What Your Gut Says About Your Health
Your Stomach's Role in Your Health
Going with your gut feelings is a good practice. Too bad I don't always like what mine are saying. When I'm stressed, nervous, or feeling down, my stomach pings and my insides churn. It's as if there's an E-ZPass lane connecting my brain and bowels, its sign flashing "Go, go, go." And I suddenly have to. Badly.
See, when it comes to mood, it's not all in your head -- it's in your gut, too. "The brain influences the digestive tract and vice versa," says Rebekah Gross, MD, a clinical gastroenterologist at NYU Langone Medical Center. In fact, new research has found that our esophagus, stomach, small intestine, and colon have a big say in how our minds and bodies function and how happy we feel. "The gut is a critical group of organs that we need to start paying more attention to," says Steven Lamm, MD, the author of No Guts, No Glory. "Doing so may be the secret to improving our overall wellness."Inside Your Other Brain
If it seems as if your stomach sometimes has a mind of its own, that's because it does. The gut's lining houses an independent network of hundreds of millions of neurons -- more than the spinal cord has -- called the enteric nervous system. It's so complex and influential that scientists refer to it as "the second brain." In addition to being in charge of the digestive process, your gut lining is the core of your body's immune system (who knew?) and defends you against such foreign invaders as viruses and bacteria. "It's a very important barrier, as important as the skin," says Michael Gershon, MD, the author of The Second Brain and the pioneering gastroenterologist who coined the term.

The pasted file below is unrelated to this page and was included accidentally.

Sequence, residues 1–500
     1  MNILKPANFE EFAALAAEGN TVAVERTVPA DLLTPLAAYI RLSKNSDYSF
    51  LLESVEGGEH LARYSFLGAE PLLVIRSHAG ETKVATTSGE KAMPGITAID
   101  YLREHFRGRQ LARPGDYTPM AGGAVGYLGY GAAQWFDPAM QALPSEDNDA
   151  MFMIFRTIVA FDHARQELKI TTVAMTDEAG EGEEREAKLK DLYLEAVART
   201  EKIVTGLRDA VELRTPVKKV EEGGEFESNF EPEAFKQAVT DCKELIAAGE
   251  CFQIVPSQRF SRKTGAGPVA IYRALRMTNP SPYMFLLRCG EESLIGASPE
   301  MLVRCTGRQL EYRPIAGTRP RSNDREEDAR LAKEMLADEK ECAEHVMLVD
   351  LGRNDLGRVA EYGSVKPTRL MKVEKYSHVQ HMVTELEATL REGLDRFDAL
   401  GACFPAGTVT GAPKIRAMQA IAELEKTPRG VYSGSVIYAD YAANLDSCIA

Cells in the gut lining also produce 95 percent of the serotonin in our bodies. (The rest occurs in the brain, where the hormone regulates happiness and mood.) In the gut, serotonin has a range of functions, including stimulating nerve-cell growth and alerting the immune system to germs.
Thanks to serotonin, the gut and the brain are in constant contact with each other. Chemical messages race back and forth between the brain's central nervous system and the gut's enteric nervous system. When we're stressed, scared, or nervous, our brain notifies our gut, and our stomach starts to churn in response. When our digestive system is upset, our gut alerts our brain that there's a problem even before we begin to feel the symptoms. Scientists suspect that our moods are negatively affected as a result. "The gut is sending messages that can make the brain anxious," Dr. Gershon explains. "You're in good mental shape only if your gut lets you be."Our Buggy Systems
Other key -- and minuscule -- players in all this brain-and-bowels communication are the microbes that line the walls of the gut, says gastroenterologist Gianrico Farrugia, MD, the director of the Mayo Clinic Center for Individualized Medicine. There are hundreds of types of bacteria in the gut; some of them do helpful things like break down carbohydrates in the intestine and produce infection-fighting antibodies and vitamins, while other, destructive bacteria secrete toxins and promote disease.
In a healthy gut, the good bacteria far outnumber the bad. But what's going on in your head can affect the balance. "Emotional issues can help influence what lives in your GI tract," says William Chey, MD, a professor of internal medicine at the University of Michigan Medical School. Being under a great deal of stress or feeling depressed or anxious could change the way your bowels contract and how your immune system functions, which in turn can change the type of bacteria in the small intestine and colon, he explains. Symptoms can include cramping, bloating, diarrhea, or constipation.
For instance, irritable bowel syndrome (IBS), a disorder that causes abdominal pain, diarrhea, and constipation, often accompanied by gas and bloating and sometimes by anxiety and depression, can be related to an overabundance of bad bacteria in the small intestine. Women are particularly susceptible to this, especially if they experienced sexual abuse or psychological trauma as a child. It's not known if the stress causes the symptoms or vice versa. "But the two definitely feed off each other, and IBS flares in stressful circumstances," Dr. Gross says.
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